This apparent "neutrality" was, in fact, a signal to PTI allies and defectors to help the United Opposition in ousting Khan. However, Khan kept addressing the nation on television on an almost daily basis before he was removed, and in one of his final speeches, he named — apparently as a Freudian slip of the tongue — the US as the conspirator.

After the high-pitch theatrics, the vote of no confidence was held and Khan was voted out. This was only possible through the military’s covert intervention.


Since he lost power, Khan’s rhetoric against the US has intensified. However, Khan’s anti-American stand cannot be called anti-imperialism. It is an opportunist act to deceive people. It is an act of sheer desperation. It is an act of anti-imperialism of the fools. It is to find an excuse for generating public support. It is an exploitation of anti-imperialist feeling of the people of Pakistan.

Khan ruled Pakistan for three and half years, accepting all the harsh conditions of the IMF — raising the price of electricity, gas and petroleum products, along with kitchen supplies. He never raised wages in line with the price hikes.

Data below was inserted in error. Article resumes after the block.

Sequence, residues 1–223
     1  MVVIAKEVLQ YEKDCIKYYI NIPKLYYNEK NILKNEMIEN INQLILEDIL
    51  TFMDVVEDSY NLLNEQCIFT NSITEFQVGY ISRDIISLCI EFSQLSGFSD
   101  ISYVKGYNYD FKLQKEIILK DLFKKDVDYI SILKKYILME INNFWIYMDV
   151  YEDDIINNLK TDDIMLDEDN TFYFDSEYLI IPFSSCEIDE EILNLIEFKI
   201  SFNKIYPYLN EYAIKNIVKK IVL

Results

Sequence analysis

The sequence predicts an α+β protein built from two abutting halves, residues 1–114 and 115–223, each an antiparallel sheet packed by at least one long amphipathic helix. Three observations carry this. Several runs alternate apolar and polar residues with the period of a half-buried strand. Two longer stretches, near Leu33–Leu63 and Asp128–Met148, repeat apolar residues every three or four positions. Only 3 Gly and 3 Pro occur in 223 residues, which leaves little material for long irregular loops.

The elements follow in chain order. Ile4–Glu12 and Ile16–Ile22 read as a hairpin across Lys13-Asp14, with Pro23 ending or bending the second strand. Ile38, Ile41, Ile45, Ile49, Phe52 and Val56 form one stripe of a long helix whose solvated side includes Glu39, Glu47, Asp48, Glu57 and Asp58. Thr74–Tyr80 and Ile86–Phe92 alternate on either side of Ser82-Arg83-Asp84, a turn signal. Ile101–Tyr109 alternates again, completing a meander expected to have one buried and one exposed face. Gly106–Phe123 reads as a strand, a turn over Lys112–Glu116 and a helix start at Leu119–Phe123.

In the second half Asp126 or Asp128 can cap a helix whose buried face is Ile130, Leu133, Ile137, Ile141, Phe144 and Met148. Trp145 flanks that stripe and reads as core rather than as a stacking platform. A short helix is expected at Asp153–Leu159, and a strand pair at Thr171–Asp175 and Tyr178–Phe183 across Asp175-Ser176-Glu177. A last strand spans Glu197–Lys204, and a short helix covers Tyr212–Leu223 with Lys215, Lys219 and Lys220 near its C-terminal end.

He is a committed neo-liberal, staunchly anti-left, who tried to do away with the pension system. He introduced a “health card” that allowed private hospitals to treat patients at public expense. This policy was aimed at pleasing the private hospital mafia. Instead of building new public hospitals and medical colleges, he tried to privatise the health sector. Most of the sugar mill owners were from his party, and the sugar price went up from Rs55 a kilogram to Rs110 a kilo in three years.

In the realm of culture, Khan tried to “Islamise” every aspect of state and society. For instance, he introduced a “single national curriculum” to further introduce religion into education. In at least one province — the Punjab — PhD scholars in sciences must now study the Quran. School children are supposed to recite the Quran daily. He even tried to employ 70,000 religious teachers into the school system, instead of improving the current education staff.

Khan is trying to attract conservative votes by being “anti-American”. “Death to America” is a popular slogan of the extreme religious fanatics, including the Taliban and al-Qaida. There is a great difference between “anti-Americanism and anti-imperialism”.